About Witnessing Fever

This paper examines the widespread use of the term 'witnessing' in both media theory and contemporary art theory. In media theory, it is common to argue that in our highly connected world we are all witnesses to world events simply by watching them via mediating technologies. This hyperbolic inflation of witnessing is an interesting symptom of a desire for greater involvement in world events, even if, as I argue, it renders witnessing virtually meaningless. In art history, the greater involvement in world events is often understood as political engagement. For example, in the work of photo-theorist Ariella Azoulay engagement is equated with duration: watching and attending to the depiction of events.

In contrast, in media and performance studies involvement is frequently understood as a deeper emotional involvement. Here, empathy is posited as the desired attitude or response to events showing suffering. In marked contrast, in art history this kind of psychological response is posed as something to be avoided. The paper examines the very different approaches to witnessing and empathy in performance studies, media theory and art history. In particular, I introduce the idea of complementary identification from the psychoanalytic trauma literature, alongside the more typical reliance upon concordant identification, usually understood as empathy.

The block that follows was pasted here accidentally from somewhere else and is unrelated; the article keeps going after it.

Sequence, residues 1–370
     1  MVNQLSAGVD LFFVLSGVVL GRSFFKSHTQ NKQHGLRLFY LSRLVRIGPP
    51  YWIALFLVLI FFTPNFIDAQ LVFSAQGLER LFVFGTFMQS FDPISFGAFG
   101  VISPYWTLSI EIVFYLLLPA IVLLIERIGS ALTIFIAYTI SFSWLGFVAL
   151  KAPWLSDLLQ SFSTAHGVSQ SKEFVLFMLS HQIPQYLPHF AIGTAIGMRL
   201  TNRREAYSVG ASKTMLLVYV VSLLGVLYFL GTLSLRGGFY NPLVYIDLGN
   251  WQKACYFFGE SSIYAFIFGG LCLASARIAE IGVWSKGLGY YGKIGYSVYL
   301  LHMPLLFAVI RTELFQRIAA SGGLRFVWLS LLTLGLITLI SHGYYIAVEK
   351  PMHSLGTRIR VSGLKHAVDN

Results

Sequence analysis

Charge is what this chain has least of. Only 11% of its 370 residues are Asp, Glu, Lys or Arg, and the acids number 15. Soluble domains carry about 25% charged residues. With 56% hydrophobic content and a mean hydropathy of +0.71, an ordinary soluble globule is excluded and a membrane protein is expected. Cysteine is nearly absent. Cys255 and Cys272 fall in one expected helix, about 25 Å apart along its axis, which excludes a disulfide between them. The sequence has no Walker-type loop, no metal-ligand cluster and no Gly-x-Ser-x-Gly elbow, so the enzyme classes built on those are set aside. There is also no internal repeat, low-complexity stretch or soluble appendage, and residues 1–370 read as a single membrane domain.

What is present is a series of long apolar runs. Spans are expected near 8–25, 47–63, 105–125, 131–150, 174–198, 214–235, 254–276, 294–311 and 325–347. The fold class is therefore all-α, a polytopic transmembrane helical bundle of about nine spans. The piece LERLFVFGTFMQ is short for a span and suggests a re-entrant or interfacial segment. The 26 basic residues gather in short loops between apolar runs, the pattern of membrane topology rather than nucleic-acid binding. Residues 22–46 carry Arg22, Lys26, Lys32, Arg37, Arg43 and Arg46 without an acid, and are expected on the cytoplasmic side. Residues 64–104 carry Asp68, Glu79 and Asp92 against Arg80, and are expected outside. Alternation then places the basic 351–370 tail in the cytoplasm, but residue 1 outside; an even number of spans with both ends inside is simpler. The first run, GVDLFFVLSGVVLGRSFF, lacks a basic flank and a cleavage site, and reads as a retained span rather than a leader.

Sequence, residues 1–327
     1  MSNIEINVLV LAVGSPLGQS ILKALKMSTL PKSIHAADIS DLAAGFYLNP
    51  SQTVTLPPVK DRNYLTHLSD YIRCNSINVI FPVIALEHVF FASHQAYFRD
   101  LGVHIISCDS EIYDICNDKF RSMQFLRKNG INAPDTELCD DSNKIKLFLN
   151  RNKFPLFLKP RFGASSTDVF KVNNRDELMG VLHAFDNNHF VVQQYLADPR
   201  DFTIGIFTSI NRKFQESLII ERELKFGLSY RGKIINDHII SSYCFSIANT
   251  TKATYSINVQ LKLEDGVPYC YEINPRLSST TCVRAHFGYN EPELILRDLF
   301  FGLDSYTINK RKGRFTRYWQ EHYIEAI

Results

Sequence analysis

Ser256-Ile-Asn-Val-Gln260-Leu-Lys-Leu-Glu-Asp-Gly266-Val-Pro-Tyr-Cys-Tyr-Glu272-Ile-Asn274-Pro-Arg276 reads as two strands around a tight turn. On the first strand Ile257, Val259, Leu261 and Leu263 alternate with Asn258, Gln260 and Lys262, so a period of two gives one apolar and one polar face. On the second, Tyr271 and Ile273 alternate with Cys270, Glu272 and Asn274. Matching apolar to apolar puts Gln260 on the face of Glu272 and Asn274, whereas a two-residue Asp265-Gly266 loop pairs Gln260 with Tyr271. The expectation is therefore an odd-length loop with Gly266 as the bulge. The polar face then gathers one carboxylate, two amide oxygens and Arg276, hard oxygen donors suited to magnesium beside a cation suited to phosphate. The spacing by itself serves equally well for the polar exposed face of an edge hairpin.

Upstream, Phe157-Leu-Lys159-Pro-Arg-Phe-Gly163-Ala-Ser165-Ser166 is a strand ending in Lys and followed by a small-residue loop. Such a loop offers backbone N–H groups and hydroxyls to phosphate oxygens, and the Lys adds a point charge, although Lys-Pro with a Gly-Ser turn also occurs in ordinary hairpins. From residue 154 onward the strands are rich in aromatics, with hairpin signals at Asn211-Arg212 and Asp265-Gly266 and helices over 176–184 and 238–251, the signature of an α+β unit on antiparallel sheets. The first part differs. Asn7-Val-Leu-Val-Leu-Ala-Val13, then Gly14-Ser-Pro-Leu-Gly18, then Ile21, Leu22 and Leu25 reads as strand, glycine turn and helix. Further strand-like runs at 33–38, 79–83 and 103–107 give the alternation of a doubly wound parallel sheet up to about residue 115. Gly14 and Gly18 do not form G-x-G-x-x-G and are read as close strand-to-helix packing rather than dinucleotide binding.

Professor Susan Best is the Director of the Program in Fine Art at the Queensland College of Art in Griffith University. She is an art historian with expertise in critical theory and modern and contemporary art. She is the author of Visualizing Feeling: Affect and the Feminine Avant-garde (London: I.B. Tauris, 2011). She has just completed a book titled Reparative Aesthetics: Witnessing in Contemporary Art Photography (contracted by Bloomsbury Philosophy). This book (from which this talk is drawn) offers a new way of thinking about the role of politically engaged art. It examines the work of four women photographers from the southern hemisphere who are pioneering a reparative approach to art about shameful histories.

*Image Courtesy: Musée de l'Homme (Musée National d'Histoire Naturelle), Paris and Two Rooms, New Zealand.
Fiona Pardington, Portrait of a life cast of Matua Tawai, Aotearoa-New Zealand, from The Pressure of Sunlight Falling series, 2010, pigment inks on Hahnemühle photo rag, 146 x 110 cm.

Venue

Room 208, Joyce Ackroyd Building (#37)